Looming Loss of Legal Notices Revenue Due to Internet

By: Steve Outing

A common theme in my coverage of Internet publishing in this column is the threat that it poses to traditional media, especially newspapers. Certainly, there are many opportunities for newspapers to profit in cyberspace, but so are there dangers.

One such danger is the legal notice publishing business, in which newspapers are chosen as "papers of record" and awarded the right to publish legal notices from state or local government agencies (for example, a Notice of Deliquent Properties list, or notices of public meetings). This isn't a particularly important form of revenue for large metro papers, but for some small-town "newspapers of record," publishing legal notices is a significant portion of their revenues.

Life-threatening issue?

According to the authors of an upcoming book on digital archiving issues, the Internet may upset this long-standing situation, such that small newspapers conceivably could lose revenues from legal notices -- enough so that their livelihood might be threatened, in some cases.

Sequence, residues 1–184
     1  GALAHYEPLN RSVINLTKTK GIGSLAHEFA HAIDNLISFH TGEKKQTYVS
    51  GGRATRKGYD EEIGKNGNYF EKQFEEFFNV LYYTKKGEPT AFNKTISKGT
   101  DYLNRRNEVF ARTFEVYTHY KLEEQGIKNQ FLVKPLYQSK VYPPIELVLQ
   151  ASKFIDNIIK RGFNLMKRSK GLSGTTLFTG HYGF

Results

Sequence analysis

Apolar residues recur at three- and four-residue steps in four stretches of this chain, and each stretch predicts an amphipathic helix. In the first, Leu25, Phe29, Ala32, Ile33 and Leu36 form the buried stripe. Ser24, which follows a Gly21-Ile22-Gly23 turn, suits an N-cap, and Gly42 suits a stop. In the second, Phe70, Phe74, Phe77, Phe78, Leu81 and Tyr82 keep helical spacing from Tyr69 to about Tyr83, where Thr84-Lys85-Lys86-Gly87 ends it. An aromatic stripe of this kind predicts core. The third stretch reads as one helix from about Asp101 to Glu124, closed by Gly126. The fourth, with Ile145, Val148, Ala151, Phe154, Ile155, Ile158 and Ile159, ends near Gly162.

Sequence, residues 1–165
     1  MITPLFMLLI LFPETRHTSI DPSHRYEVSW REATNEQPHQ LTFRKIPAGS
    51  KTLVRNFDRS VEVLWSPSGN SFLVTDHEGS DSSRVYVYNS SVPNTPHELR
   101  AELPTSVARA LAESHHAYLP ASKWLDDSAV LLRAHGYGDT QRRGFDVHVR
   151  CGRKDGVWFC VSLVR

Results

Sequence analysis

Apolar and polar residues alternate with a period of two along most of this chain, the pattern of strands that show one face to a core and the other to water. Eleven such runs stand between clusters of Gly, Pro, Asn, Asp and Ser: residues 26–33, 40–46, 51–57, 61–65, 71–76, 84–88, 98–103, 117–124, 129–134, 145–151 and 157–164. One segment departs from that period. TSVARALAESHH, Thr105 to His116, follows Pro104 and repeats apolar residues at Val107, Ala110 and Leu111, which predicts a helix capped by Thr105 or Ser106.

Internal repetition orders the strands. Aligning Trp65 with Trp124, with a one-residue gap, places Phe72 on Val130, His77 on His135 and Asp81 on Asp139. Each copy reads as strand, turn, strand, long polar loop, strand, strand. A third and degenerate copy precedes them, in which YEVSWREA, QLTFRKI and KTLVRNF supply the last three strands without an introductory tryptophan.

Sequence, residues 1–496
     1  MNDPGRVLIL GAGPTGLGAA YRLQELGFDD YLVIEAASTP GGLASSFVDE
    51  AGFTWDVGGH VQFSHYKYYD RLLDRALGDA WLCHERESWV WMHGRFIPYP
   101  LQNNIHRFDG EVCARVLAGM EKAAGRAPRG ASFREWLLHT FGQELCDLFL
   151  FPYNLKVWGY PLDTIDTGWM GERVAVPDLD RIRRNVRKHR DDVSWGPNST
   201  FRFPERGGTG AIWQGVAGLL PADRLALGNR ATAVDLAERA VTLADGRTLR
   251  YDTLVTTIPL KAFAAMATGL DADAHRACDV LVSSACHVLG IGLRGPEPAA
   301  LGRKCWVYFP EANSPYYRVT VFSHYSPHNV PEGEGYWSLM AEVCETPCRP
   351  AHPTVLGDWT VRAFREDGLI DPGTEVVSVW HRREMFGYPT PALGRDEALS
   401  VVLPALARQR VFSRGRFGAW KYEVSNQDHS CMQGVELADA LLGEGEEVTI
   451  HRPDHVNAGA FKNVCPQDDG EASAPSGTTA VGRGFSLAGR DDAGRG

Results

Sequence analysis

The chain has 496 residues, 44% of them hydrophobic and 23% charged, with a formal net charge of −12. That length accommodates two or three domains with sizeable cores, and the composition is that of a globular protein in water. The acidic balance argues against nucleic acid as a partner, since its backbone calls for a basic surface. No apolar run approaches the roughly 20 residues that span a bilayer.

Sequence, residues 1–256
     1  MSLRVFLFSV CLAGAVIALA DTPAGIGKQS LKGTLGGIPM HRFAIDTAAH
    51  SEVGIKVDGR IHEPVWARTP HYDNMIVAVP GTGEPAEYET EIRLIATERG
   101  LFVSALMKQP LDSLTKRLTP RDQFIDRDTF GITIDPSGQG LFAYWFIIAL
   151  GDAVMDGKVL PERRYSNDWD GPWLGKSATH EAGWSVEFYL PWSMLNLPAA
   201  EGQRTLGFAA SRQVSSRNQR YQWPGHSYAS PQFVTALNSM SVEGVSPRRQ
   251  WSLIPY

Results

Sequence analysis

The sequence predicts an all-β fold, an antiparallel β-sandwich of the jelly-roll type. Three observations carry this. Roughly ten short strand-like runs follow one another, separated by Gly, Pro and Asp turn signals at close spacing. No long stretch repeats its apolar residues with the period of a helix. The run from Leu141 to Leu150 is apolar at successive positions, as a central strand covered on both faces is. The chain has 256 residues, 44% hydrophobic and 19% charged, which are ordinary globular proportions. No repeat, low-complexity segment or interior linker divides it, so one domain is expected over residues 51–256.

Shannon Martin, a journalism professor at Rutgers University and co-author of the upcoming "Record Newspapers in a Digital Age: From Hot Type to Hot Links" (to be published next spring), points out that the "newspaper of record" system common in the U.S. long has rewarded certain newspapers with this "plum." A chosen newspaper has to demonstrate that it has widespread distribution in its circulation area, so that most members of the public will be assured of seeing published legal notices. Sometimes, this designation may be doled out by legislators to favored publishers.

Each state has different laws regarding what consistitutes a "newspaper of record," but generally they are written with specific requirements that make the largest daily newspaper(s) in an area the beneficiary of the legal notices revenue.

Whether the newspapers will get to keep this revenue is questionable. According to Martin's co-author, Kathleen Hansen, an associate professor journalism at the University of Minnesota, some government agencies will start to publish lengthy public notices on the World Wide Web on their own Web sites. Rather than a public agency publishing 10 pages of legal listings in a daily paper -- as it might have done for each of the last many years -- the agency might simply take out a 1/4-page print ad pointing the public to its Web site, Hansen says. The publisher is simply out of luck as a multi-page annually recurring government print advertising deal shrinks dramatically.